The Lakin Depot – Maylene Williams
Everything I ever knew about art, I learned from Santa Fe calendars. The intensity of color, the drama of light and shade, the depth of texture, the play of movement, the working of shape and form.
So every year, somewhere around January 1st, Dad came whistling into the kitchen. He carried a brown- paper, wrapped tube. And it was probably lunch time or supper. He unwrapped, unrolled, and hung the new Santa Fe calendar on our kitchen wall. It was always a magnificent event. All year we admired it. Every January we were eager to see what was next.
That wasn’t the only adventure in our lives. We rode trains. Linda and I got on the train by ourselves with our little cardboard suitcases and rode the Doodlebug to Grandma and Grandad’s house 30 miles West. We were little, maybe eight and five. We did that for several years. Mary was a baby and had to stay home.
Once our whole family saw both the Engine of the train and the caboose of the train from our coach window as it went winding around the Rocky Mountains on our way out farther West.
Trains and calendars weren’t our only adventures. There was music too.
It started with Dad’s whistling. He stood at the back door whistling to the mocking bird in the huge elm tree out back. He’d whistle a series of notes. The mocking bird would whistle the same notes in return. Dad whistled everywhere he went. In tune. From Wagner to Gershwin.
And the walls of our house shook when he played his records. E. Power Biggs , The Art of The Organ, Erroll Garner Concert By The Sea, Poulenc, Prokofiev, Lena Horne.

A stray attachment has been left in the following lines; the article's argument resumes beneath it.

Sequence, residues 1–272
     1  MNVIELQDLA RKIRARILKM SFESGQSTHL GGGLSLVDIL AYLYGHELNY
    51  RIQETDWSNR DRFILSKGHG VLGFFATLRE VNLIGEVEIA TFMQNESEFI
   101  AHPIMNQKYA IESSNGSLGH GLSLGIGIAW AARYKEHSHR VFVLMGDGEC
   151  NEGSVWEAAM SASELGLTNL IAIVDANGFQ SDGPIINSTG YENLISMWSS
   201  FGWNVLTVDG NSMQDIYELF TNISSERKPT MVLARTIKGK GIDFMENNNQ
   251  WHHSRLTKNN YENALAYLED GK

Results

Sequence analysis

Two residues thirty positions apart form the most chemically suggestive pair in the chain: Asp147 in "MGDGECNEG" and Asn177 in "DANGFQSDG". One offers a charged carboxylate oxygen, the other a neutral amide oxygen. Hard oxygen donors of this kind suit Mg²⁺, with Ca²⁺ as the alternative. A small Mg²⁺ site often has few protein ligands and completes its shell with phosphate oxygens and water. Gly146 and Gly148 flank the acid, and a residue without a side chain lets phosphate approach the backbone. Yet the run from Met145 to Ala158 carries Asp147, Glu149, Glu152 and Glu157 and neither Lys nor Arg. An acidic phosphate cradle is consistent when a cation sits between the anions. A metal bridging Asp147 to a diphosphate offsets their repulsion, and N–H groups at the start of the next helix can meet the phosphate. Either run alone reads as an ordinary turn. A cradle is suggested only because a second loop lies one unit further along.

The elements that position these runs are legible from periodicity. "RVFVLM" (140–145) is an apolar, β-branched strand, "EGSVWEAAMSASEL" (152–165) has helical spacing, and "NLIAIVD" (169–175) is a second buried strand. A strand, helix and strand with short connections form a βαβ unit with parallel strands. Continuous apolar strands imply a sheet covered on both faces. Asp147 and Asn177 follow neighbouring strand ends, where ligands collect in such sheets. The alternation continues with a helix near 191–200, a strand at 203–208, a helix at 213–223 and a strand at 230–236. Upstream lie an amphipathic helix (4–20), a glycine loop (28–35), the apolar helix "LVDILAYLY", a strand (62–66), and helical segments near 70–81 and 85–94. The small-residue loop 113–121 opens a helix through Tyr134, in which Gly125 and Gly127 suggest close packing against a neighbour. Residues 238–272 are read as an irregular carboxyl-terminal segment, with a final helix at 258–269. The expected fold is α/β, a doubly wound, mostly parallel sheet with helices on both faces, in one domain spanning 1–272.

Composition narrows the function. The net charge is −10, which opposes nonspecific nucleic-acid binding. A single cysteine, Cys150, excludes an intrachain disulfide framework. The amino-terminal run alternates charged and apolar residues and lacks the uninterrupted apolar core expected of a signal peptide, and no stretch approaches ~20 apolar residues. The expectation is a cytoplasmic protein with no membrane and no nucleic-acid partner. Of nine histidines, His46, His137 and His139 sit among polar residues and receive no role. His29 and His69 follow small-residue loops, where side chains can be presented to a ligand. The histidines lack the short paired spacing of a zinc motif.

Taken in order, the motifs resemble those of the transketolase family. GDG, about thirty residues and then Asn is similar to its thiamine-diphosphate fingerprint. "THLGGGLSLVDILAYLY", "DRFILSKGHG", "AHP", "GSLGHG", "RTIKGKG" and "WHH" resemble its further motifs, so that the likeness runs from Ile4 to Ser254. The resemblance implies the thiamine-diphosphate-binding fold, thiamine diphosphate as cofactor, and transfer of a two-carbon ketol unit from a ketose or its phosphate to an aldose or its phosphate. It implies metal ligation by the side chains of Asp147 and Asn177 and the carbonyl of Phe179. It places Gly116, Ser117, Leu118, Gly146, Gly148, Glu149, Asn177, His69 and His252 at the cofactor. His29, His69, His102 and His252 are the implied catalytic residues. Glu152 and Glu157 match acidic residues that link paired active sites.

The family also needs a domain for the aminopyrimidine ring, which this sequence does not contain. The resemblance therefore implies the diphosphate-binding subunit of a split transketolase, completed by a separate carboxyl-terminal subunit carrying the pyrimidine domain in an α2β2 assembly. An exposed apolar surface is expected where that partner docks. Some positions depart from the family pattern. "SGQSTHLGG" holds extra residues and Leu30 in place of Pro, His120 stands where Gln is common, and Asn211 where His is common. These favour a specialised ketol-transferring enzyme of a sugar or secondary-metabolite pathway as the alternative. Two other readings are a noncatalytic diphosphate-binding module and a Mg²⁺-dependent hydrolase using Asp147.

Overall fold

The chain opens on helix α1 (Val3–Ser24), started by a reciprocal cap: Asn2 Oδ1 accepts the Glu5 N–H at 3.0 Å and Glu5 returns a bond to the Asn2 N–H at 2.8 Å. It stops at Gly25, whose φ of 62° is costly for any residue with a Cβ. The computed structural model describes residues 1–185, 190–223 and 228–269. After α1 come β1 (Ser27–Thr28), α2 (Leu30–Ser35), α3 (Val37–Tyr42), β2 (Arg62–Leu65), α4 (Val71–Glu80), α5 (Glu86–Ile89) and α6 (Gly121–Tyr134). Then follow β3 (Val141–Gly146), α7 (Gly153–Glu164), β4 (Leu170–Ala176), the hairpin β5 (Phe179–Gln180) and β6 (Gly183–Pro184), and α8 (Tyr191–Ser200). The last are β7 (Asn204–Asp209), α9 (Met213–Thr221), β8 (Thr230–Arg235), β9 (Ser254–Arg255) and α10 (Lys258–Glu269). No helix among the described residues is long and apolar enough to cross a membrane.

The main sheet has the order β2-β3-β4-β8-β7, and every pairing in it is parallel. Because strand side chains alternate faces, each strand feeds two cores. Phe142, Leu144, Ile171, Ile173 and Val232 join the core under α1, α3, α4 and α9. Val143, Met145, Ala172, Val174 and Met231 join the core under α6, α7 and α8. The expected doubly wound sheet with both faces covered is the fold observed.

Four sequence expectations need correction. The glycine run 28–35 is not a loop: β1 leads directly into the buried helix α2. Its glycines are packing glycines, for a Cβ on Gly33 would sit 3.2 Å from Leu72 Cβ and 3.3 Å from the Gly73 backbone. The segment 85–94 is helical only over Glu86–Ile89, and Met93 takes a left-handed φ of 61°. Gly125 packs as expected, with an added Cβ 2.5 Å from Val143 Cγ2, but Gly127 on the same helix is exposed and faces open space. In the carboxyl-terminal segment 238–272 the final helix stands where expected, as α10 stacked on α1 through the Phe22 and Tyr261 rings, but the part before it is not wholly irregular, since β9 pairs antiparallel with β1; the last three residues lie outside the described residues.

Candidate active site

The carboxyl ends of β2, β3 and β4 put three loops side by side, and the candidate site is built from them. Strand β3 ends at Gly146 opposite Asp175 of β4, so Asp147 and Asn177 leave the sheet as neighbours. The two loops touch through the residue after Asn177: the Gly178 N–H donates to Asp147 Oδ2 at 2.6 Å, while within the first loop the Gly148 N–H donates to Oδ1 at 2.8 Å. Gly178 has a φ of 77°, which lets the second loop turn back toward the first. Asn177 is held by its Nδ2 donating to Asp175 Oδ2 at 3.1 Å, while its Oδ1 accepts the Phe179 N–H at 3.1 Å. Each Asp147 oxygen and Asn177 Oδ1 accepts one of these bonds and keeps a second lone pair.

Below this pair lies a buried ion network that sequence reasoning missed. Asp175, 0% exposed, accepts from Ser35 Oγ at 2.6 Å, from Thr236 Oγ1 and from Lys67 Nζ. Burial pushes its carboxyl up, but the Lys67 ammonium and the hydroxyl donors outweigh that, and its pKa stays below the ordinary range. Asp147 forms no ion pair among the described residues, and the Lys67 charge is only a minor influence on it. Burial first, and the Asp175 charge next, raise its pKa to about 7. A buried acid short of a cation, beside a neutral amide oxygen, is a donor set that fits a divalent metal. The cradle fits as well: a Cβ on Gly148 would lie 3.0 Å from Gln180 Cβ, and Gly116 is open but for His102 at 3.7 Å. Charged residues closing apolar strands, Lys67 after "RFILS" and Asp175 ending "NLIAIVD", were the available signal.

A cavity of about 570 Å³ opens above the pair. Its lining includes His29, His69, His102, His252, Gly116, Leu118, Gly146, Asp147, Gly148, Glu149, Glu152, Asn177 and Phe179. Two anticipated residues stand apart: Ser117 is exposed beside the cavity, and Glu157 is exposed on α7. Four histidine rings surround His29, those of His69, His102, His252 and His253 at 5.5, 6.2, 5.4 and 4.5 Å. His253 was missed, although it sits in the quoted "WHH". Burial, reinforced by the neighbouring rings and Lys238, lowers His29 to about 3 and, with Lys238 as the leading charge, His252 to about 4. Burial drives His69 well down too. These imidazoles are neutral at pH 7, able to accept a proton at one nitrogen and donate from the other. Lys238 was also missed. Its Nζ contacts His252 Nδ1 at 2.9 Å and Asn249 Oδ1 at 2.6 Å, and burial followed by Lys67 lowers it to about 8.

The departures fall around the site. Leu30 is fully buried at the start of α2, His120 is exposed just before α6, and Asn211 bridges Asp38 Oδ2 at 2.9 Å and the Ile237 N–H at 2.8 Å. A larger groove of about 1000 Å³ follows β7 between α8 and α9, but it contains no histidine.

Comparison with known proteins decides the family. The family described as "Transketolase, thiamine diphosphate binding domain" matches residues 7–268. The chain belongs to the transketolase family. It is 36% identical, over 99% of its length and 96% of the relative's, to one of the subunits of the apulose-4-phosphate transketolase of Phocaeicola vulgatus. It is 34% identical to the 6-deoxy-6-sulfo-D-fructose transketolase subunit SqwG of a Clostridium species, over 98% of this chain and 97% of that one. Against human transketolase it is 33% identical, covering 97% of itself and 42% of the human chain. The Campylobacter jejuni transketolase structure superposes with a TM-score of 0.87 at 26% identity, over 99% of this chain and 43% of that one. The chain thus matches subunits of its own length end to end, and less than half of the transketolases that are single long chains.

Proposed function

He sang a rich baritone in the church choir. My sisters and I sang with him in that same choir in our turn. When we started giggling or snorting at something that struck us as hilarious right there in church, sitting in our alto section, he would stare at us from the bass section with a look that meant sudden death.
Dad could dance. The Charleston, The Fox Trot. Sometimes I would stand on his shoes and he’d dance me around the room. With my head reaching as far as his belt we cut the rug. He smelled like tobacco and cloves. There was always an adventure going.
Dad laughed long and hard and made us laugh too. And he could spin a yarn like nobody’s business. My sisters could do that too. We were story rich.
Thunder storms were a sensation. Out there where we lived, we could see three or four thunder storms on that vast horizon happening all at once. And when a thunder storm came to us, Dad and I sat on the back steps and watched the lightning gash through the black clouds and felt the thunder shaking our bones while the rain cut though the elm tree and our fence and our faces. And then there was such peace as the storm faded away. Right there. On our back steps.
Dad was a colorful character. He had a zest for life as my sister, Linda says. My sister Mary and I get tears in our eyes when something strikes us as a memory of him. We both get a lump in our throat and we can’t talk. Sometimes words just won’t do.
Remembering Dad, after all, is an adventure.